Emily Capponi, a junior English major from Seattle, said that having opportunities to speak one-on-one with alumni gave her confidence that she is on the right career path.
“They kept reassuring me that I would be prepared for a great career,”Capponi said. “Several of the alumni said that while they were completing their degree they didn’t know exactly which field they would ultimately go into, and obviously it worked out for each of them.”
After attending the events, Rachel McKellor, a senior English major from Purvis, said she has a different outlook on rejection in the job market.
“I got a lot of advice about being open to rejection, which closes doors but opens them at the same time,” she said. “The professionals told me how certain job opportunities wouldn’t work out and they would get disheartened, but because of that, another door opened and it led them to something they wouldn’t have expected.
“I might have been a person who, if a door closed, I would have walked away, but hearing from successful people about how this happened to them, now I know it’s common for most people. It’s all going to come down to my attitude.”
Feedback provided by alumni who participated in the inaugural Next Chapters:
• Tarah Butler- I am excited to give back to students and share my real world experiences and mistakes.
• Winston Collier- An amazing event. It’s been a pleasure to meet these students with such bright futures. It’s also been fun to network with fellow alumni from the English department, so it’s been an overall excellent two days.
• Kathryn Dilworth- I think what was really so amazing for us was to come and realize the impact our experience can have for students, and I know that sounds silly, but sometimes that’s one of the greatest benefits of being a volunteer. I get to share my experience and help someone, because we all came through the same way as English majors, like, “what are we going to do” and “we don’t have a mentor,” so I think that you all need to appreciate how meaningful it was for the volunteers too and also of course for the students.
• Duncan Gray- The idea is wonderful. The energy level was high and the students came with pointed and appropriate questions. I hope I was of some help.
• Virginia Kinnier- Today was as much of a learning experience for me as the students. It was inspiring to hear their ideas and dreams for the future. So many were impressive and seem to have their ducks in a row, much more than I did when I was in their stage of life.
• Bishop Lewis- I had a great time talking about my English major with students and passing on what wisdom I’ve acquired over the last 20 years I’ve been in the working world.
• Kate Porter- Incredibly eye opening. I wish I had had something like this when I was going in to a career. It would have been so helpful.
• Taylor Sledge- There are no limitations for our major. The major that you choose, the degree that you have, is just one tool for your career in your life. My connection with everybody for this whole event is that the English department is cultivating experts in the human condition. People know how to communicate, they’re more passion driven, and it’s not this quantitative mess of, “well I have this degree so I can do this job.” I love the open architecture of the thoughts of all these people.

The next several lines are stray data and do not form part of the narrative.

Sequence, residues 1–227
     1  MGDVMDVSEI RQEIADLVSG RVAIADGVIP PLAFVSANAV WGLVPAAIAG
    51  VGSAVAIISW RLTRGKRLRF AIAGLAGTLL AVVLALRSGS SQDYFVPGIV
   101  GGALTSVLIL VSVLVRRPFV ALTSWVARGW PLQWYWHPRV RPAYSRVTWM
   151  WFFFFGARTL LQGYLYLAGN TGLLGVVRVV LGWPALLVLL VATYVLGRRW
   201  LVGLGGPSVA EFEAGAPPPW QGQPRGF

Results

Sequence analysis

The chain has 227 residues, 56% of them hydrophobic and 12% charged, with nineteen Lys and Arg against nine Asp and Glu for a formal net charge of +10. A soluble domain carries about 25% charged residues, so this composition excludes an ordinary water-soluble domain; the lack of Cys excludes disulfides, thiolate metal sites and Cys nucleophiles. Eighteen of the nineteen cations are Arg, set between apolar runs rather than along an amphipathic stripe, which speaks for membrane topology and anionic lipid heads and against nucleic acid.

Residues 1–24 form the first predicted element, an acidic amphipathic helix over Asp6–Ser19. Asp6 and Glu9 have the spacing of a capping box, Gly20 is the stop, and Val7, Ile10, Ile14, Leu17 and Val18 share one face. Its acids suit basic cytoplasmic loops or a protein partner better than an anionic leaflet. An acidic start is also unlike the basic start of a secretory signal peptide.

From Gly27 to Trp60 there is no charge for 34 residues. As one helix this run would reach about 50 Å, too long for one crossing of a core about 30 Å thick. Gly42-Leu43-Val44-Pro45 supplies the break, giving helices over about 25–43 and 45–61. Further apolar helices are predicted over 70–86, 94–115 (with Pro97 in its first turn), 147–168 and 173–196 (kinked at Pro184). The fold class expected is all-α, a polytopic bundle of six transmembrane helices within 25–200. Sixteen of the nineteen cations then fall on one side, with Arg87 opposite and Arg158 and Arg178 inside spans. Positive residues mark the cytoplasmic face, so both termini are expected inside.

• Mariah Cole Williams- I was pleased to meet current students at Ole Miss. The English department is doing a wonderful job opening doors and exposing current students to options after graduation, because there are so many. When I was in school I didn’t realize I could do a slew of things, and so I think it’s really important.
• Kimbrely Dandridge- The students were engaged and interested to know more about our career paths and what we do day to day.
• Kent Jackson- I was blown away by the impressive English majors and graduates and I really enjoyed it.
• Campbell McCool- It is impressive that the English department is connecting undergrads and alums. It didn’t happen when I was an undergrad, and I wish it had. This is a brilliant idea and will further attract people to Ole Miss’ already stellar English program.
• Lindsey Neyman- This program is incredible. I wish it had been here when I was. Connecting alumni and students is just helpful and inspiring.
• Nicole Tisdale- The only thing I don’t like about this event is that it didn’t exist when I was in school here. It was so encouraging to see the students, and I hope we helped them understand that it’s not what you can do with your English degree; it’s what you can’t do. It’s much easier question to talk about the things that you can’t do with an English degree than to tell you all the possibilities. Most of the students are more prepared than a lot of the people that we see in DC every day looking for jobs. They need a little encouragement and people to show them, “I was here; I was in a similar place, and you can do the same thing.”
• Kayleigh Webb- UM Next Chapters is an incredible opportunity for English majors and alumni to network and promote alternative careers for English majors as well as share enthusiasm for English and reading.